For a week or so I have been poised, ready for the clocks to go forward. This is mainly because I incorrectly thought they were due to go forward last weekend, having read something on the internet that suggested this was the case. After a while I realised this didn’t apply to UK clocks as we don’t put them forward until much later in the month. Which sums up one of the problems with believing things you read on the internet I suppose!
The cats and I are now poised for the clock change, something that is evident in a number of ways. I’ve started to feel a little less grumpy at the idea of getting up at seven, probably because I’ve been going to bed at about nine-thirty and usually waking up at six when it’s not quite light but there is a sort of pre-dawn glimmering outside. Caspar has gone into his lighter mornings routine by jumping on my head at around six or six-thirty, not every day yet, but a few times in the past week. If I wake up at six and very quietly open my Kindle Fire to read for a while, then about 30 seconds later Jacques fearlessly interposes his body between me and the screen, perhaps to safeguard my vision but more likely because he harbours a pathological hatred of my Kindle and has attempted on several occasions to shove it to the floor where he hopes to see it shatter into a million pieces.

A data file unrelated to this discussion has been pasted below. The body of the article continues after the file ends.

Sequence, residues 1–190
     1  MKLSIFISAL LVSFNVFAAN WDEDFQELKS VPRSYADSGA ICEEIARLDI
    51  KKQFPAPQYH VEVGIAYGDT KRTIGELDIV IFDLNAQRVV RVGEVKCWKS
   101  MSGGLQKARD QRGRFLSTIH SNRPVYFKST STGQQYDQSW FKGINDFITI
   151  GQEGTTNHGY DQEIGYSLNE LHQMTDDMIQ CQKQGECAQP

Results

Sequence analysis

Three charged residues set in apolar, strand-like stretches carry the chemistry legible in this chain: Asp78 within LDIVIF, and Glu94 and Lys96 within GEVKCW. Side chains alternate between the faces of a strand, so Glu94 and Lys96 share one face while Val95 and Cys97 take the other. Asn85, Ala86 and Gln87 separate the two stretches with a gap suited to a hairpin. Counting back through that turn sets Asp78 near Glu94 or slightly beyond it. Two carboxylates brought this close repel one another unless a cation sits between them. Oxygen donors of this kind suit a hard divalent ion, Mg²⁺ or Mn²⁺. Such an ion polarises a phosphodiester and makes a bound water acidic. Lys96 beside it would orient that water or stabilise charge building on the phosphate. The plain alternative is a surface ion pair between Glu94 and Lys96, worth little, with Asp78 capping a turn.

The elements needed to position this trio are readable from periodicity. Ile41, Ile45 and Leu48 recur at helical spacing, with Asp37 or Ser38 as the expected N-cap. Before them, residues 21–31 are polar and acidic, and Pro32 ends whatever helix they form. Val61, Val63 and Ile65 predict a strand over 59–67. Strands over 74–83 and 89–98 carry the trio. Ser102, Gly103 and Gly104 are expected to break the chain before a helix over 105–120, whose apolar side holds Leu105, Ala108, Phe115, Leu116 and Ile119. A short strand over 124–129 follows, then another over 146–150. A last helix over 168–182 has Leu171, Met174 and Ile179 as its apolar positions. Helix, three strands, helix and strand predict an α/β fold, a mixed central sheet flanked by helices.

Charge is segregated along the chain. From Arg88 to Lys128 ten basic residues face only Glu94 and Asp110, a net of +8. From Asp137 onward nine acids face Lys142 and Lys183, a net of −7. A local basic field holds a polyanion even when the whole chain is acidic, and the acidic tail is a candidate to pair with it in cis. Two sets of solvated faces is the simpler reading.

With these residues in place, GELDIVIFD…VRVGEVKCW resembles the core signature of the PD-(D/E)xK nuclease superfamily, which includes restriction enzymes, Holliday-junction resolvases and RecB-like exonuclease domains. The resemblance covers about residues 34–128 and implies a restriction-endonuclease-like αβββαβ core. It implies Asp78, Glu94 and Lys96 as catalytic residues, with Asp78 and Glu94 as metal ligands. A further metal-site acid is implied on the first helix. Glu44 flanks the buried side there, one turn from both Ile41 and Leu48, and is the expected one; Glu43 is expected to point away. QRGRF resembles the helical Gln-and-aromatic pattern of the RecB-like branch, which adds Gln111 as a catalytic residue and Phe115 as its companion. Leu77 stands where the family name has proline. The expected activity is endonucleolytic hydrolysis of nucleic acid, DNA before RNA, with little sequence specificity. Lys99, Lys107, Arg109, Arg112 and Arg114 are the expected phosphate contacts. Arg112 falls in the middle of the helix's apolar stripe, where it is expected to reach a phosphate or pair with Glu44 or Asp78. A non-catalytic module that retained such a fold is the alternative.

Unlike many people, particularly the ones who often rant in the comments page of The Guardian, I welcome the change of clocks twice a year. It seems to me to be a gesture towards accepting the changing seasons as being important even in the modern world where we are somewhat insulated from their effects. Ideally I think there should be shorter school and working hours in the winter than in the summer as well, so that we don’t either have to go to work or come home from work in the dark. I usually have even less energy in the winter, and I’m sure that at some stage of our evolution we must have been hibernating animals.